The Big Nine
Whether artificial intelligence is humankind’s best friend or greatest threat has been widely debated. We’ve all heard promises of device-studded smart homes conferring unprecedented convenience, as well as warnings of killer robots. The Big Nine is a different kind of story about the potential risks and rewards of AI.
Rather than questioning the character of thinking machines, futurist Amy Webb turns a critical eye on the humans behind the computers. With AI’s development overwhelmingly driven by nine tech powerhouses, she asks: Is it possible for the technology to serve the best interests of everyone?
Webb shines a spotlight on the Big Nine: Google, Microsoft, Amazon, Facebook, IBM and Apple (the “G-MAFIA”) in the United States, and Baidu, Alibaba and Tencent (the “BAT”) in China. The G-MAFIA is beholden to capitalist market forces; the BAT serves the will of the Chinese government.
The book highlights warning signs of what happens when we increasingly rely on technology created by corporations that prioritize commercial and political interests over the public. These red flags include mismanagement of users’ personal data (SN Online: 4/15/18) in the United States and a state-sanctioned “social credit” system that monitors people’s behavior in China. Webb generally holds the Big Nine accountable but occasionally pivots to defend the companies, which she believes are led by people with good intentions.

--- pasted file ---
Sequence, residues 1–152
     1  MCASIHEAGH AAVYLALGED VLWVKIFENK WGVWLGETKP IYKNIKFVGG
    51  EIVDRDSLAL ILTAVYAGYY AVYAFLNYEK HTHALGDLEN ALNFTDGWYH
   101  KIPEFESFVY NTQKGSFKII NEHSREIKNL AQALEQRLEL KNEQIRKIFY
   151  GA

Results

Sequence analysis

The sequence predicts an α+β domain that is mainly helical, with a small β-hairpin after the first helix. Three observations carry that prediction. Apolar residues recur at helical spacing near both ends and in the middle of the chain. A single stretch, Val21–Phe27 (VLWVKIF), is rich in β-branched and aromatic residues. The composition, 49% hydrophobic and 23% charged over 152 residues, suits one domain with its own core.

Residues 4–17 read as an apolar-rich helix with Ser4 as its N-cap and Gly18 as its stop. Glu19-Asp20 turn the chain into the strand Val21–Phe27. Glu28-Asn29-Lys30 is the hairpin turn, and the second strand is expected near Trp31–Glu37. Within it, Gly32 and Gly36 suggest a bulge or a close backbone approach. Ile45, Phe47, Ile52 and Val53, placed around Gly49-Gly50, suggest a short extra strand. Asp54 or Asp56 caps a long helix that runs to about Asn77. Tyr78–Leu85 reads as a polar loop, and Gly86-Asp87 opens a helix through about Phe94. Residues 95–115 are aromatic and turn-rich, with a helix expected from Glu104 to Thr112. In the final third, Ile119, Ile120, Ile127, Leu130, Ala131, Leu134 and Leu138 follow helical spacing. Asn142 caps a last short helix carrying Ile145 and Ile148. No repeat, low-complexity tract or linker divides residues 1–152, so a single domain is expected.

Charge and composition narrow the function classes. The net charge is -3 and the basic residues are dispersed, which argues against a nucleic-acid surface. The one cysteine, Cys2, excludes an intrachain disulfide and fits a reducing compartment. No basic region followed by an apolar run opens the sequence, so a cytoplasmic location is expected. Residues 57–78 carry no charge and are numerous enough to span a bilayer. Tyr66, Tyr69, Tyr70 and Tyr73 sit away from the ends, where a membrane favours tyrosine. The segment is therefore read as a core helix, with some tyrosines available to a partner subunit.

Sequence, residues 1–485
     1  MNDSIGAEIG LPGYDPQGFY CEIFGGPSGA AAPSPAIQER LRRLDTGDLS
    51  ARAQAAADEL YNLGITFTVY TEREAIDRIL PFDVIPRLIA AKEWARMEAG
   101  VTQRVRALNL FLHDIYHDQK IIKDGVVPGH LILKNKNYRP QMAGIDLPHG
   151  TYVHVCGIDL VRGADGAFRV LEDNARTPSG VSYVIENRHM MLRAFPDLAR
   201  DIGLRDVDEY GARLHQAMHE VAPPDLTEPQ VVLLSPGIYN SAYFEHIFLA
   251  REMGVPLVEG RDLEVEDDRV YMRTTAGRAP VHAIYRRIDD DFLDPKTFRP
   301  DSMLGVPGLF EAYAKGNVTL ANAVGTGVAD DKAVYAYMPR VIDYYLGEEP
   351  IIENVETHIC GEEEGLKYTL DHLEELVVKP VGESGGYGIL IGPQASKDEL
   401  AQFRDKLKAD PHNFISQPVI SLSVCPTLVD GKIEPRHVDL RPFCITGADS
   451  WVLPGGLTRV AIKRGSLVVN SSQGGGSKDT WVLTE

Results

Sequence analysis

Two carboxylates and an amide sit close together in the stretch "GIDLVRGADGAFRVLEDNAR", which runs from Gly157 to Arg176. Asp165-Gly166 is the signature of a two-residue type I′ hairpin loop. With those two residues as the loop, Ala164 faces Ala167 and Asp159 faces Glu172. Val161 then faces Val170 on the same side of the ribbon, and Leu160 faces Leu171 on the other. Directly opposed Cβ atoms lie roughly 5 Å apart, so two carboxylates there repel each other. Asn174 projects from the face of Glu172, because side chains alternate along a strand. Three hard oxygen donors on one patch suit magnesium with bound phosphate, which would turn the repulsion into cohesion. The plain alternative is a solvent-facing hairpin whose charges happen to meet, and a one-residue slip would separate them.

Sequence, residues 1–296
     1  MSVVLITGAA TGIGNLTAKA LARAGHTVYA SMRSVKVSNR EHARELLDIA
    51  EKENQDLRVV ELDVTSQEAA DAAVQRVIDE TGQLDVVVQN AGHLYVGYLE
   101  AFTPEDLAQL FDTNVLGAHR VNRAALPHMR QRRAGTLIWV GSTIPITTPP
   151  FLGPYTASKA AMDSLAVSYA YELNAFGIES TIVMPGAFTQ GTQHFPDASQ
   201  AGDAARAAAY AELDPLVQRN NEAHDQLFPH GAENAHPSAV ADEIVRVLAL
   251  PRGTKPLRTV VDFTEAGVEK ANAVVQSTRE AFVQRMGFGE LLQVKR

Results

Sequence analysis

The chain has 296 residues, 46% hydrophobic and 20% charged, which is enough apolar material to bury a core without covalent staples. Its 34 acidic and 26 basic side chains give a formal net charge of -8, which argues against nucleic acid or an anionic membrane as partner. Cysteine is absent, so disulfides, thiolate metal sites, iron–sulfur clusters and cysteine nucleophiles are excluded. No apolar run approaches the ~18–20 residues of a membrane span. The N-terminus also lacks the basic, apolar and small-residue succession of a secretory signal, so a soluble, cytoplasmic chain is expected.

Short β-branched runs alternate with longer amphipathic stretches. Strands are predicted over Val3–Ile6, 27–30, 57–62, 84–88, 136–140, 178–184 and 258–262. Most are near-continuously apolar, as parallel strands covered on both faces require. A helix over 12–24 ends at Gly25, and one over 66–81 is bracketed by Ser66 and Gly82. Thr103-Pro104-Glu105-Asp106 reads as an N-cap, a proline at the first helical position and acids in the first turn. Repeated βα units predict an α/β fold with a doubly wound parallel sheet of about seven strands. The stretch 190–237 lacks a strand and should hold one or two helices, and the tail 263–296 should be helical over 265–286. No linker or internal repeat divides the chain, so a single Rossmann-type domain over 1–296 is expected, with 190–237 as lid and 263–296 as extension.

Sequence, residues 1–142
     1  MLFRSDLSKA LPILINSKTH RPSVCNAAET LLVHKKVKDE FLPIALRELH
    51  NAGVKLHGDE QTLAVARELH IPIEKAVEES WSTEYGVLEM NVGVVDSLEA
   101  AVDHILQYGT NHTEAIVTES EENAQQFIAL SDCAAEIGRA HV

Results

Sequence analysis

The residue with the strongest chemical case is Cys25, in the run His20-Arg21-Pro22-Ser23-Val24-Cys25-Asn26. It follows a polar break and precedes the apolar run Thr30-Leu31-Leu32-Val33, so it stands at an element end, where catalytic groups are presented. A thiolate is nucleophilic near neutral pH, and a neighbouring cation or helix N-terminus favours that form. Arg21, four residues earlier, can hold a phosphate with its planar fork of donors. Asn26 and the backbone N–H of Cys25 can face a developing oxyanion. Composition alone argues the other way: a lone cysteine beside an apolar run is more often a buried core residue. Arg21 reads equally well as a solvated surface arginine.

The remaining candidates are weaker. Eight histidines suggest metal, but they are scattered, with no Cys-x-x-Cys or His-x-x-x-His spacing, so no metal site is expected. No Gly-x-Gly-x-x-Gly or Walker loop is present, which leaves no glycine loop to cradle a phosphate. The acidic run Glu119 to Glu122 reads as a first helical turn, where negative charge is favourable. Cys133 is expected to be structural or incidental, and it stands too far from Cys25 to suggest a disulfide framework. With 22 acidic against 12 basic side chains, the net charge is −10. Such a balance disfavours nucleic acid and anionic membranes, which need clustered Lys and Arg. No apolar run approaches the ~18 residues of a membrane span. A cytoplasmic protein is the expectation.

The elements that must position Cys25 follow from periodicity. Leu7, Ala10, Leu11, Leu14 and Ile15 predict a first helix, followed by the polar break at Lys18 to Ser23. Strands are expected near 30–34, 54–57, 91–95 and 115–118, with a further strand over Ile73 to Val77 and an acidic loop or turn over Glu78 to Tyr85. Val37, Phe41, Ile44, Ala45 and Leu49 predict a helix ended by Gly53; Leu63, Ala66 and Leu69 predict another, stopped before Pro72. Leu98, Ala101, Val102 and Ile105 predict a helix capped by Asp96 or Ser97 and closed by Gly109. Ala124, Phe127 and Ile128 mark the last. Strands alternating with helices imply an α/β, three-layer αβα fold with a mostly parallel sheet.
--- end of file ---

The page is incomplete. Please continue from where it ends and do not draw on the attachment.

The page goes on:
Readers who aren’t as convinced of the Big Nine’s noble intentions may at least agree with Webb that great power begets great responsibility. The second half of the book details three possible futures through 2069, ranging from a best-case scenario where the Big Nine commit to making user interests the No. 1 priority to a worst-case scenario where the Big Nine continue business as usual.
Webb’s assessments are based on analyses of patent filings, policy briefings, interviews and other sources. She paints vivid pictures of how AI could benefit the average person, via precision medicine or smarter dating apps, for example, though she primarily focuses on people in the United States. Her forecasts are provocative and unsettlingly plausible.
Webb closes with a somewhat perfunctory call to action, including predictable steps like reading the G-MAFIA’s terms of service. Unfortunately, The Big Nine may leave many readers feeling less like empowered citizens and more like extras in a film where tech giants and world leaders play the protagonists. But for anyone who wants a preview of how a few tech firms could reshape society in relatively short order, Webb’s account is an accessible, intriguing read.
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